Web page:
Welcome to Calculus.
I'm Professor Ghrist. And we're about to begin lecture 13 bonus
material. In our main lesson, we saw that perhaps
the ultimate interpretation of higher derivatives is in terms of Taylor series.
That if we are at a particular input, then the more derivatives we know at that
input, the better we can approximate what the value of the function is farther away
by some step h. It's a bit remarkable that just by
knowing infinitesmal information at a particular input, that is, higher and
higher derivatives at a, you can say what the function is doing far away.
That actually goes fairly deep into other areas of mathematics.
Let's take a few minutes and think of it. And what follows, I going to give you is
the language of operators. Where for purposes of this course, an
operator is something that takes as it's input function and returns as it's output
another function. What are some examples of operators?
Well, there's one that we've been looking at rather closely.
The derivative, I'm going to give it an operator symbol as a capital D.
Then, what does capital D do? It takes a function f and returns the
derivative df dx. Now, what's so special about this?
Well, operators have an algebra associated with them.
For example, we can take D and raise it to certain powers.
We could talk about D squared, as meaning we apply D twice.
You take the derivative, then you take the derivative again.
So, the operator D squared is really taking the second derivative, D cubed is
taking the third derivative. What is D to the 0?
Well, that too has a name. It is called the identity operator, and
is given the special symbol I. The identity operator takes f and returns
f. It does nothing.
That is why it is called the identity. So, d to the zero; the zeroth derivative
of f is of course, f. What happens when we take powers of I?
Well, I squared means do nothing I, and then nothing again.
So, I squared is equal to I. This might remind you of a number with
which you're somewhat familiar, that is the number 1 under multiplication.
1 times 1 is 1. I squared is equal to I.
This identity operator plays the role of the number 1 in the algebra that will
follow. There are a few other interesting
operators that we're going to take a look at.
One, let's call it E, capital E. This corresponds to a shift of f.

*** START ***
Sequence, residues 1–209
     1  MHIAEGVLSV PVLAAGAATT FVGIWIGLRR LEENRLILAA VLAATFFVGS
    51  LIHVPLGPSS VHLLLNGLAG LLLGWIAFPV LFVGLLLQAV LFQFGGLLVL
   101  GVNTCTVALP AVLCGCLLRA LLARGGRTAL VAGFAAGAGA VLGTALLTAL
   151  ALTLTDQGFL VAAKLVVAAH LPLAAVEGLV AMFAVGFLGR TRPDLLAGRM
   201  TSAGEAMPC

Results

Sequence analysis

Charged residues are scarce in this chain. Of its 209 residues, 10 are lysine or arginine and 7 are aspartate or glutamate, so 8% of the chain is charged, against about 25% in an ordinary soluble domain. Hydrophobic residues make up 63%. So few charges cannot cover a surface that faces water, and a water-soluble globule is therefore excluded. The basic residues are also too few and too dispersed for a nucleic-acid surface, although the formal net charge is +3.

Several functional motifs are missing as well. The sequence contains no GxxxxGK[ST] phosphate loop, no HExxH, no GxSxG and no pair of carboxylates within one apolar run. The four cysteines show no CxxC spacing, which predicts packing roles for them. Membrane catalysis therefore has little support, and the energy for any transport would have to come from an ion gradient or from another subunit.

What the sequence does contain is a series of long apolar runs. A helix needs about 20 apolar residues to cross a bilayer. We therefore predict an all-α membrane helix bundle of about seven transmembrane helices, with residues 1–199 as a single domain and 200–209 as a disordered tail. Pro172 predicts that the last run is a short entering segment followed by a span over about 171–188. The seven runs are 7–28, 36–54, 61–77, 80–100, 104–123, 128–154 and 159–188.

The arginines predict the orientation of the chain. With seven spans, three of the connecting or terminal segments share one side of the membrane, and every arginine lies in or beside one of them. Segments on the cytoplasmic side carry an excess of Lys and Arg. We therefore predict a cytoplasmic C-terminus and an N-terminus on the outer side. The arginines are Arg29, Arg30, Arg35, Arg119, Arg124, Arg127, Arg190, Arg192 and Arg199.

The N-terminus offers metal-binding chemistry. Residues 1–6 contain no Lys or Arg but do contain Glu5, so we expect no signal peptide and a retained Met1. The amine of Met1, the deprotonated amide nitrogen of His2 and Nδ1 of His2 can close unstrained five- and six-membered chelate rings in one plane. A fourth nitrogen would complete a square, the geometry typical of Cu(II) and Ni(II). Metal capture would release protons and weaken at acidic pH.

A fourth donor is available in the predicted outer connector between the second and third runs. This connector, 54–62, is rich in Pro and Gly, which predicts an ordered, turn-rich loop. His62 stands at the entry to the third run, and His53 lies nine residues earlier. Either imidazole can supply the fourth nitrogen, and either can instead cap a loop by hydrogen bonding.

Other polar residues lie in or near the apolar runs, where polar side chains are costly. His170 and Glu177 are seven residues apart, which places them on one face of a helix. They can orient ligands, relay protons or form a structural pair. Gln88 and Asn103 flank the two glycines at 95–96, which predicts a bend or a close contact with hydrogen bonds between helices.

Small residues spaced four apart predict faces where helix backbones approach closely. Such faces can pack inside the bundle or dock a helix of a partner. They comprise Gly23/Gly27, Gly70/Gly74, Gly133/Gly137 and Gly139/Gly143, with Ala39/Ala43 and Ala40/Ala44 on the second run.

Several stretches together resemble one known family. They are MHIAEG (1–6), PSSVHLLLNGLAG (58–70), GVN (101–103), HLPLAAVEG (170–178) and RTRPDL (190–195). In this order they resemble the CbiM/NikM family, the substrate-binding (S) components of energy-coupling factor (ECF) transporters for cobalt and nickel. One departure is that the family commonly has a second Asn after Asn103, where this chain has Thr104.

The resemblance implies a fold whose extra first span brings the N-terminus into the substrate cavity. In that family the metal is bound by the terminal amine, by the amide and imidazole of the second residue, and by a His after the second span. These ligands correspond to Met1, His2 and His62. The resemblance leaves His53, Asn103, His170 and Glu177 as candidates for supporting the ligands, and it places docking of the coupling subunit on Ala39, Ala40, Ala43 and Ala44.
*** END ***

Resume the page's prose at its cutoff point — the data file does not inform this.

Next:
E of f is going to be the function which when evaluated at x, gives you f at x
plus 1. This has the effect of shifting the graph
of f to the left by one unit. Now, what happens when we take E squared?
That means shift to the left by one, then shift to the left by one again.
We can talk about E cubed, E to the fourth, etcetera.
We're continually shifting f to the left. Now, can you talk about E raised to a non
integer power? E to the H.
Well, surely that makes sense, we can simply evaluate f not at x, but at x plus
h. And this means of course that we can talk
about E to the negative 1, which we would call a right shift.
Instead of evaluating f at x plus 1, it evaluates at x minus 1.
But note, that this right shift, E inverse really is the inverse of E.
If I multiply E to the negative 1 times E, I get E to the 0 or the identity
operator. And of course, this works whether I
multiply E inverse by E, or E by E inverse.
And this means that I now have a a nice language for doing algebra with these
operators. Let's see what happens when we think in
this language for a little bit. What is E to the h of f evaluated at x.
This is a shift by h. I need to take f and evaluate it at x
plus h. Now, let's use our intuition from Taylor
series. If I take the Taylor expansion of this,
it is the sum k goes from 0 to infinity of 1 over k factorial, times the kth
derivative of f evaluated at x times h to the k.
Now for the moment, let's not worry about where we evaluate this so much.
Let's try to rewrite this in the language of operators.
Now notice, there's a kth derivative of f.
So, let's use our differentiation operator D to the k for taking that kth
derivative of f. And now, we see that there are two terms
that are raised to the kth power. D, the differentiation operator and h,
this perturbation to the input. So, if I collect those two terms together
and say, I've got the sum k goes from 0 to infinity of 1 over k factorial times
quantity hD to the k, I apply that to f and evaluate it at x.
That is what this shift is. Now, step back for a moment and take a
look at what we've done. We've really said that this operator, E
to the h of f, is equal to the sum k goes from 0 to infinity of something to the k
over k factorial applied to f. What is that?
Where have I seen something like that before?
This really looks like an exponential, but what am I exponentiating?
I am exponentiating h times D, the differentiation operator and applying
that to f. If we remove the dependents on f, then
what we see is that this shift operator, capital E, to the h, is precisely the
exponentiation of h times the differentiation operator.
That is really a deep observation. That the shift E, just moving to the left
by one unit is I plus D plus 1 half D squared plus 1 over 3 factorial, D cubed,
et cetera, et cetera. The shift is the exponential of the
differenciation operator. Or, if you like, you can think of the
differentiation operator D as the natural logarithm of the shift operator.
Now, this probably, is causing a little bit of surprise or confusion.
What's going on? Well, don't worry too much.
But think back to how this course began. We asked the question, what is e to the
x? We will continue asking this question
throughout the semester. What we have seen is that there are many
responses to this question, and many layers of understanding what we mean, by
exponentiation. What we mean by differentiation and how
derivatives conspire to give you deep information about a function.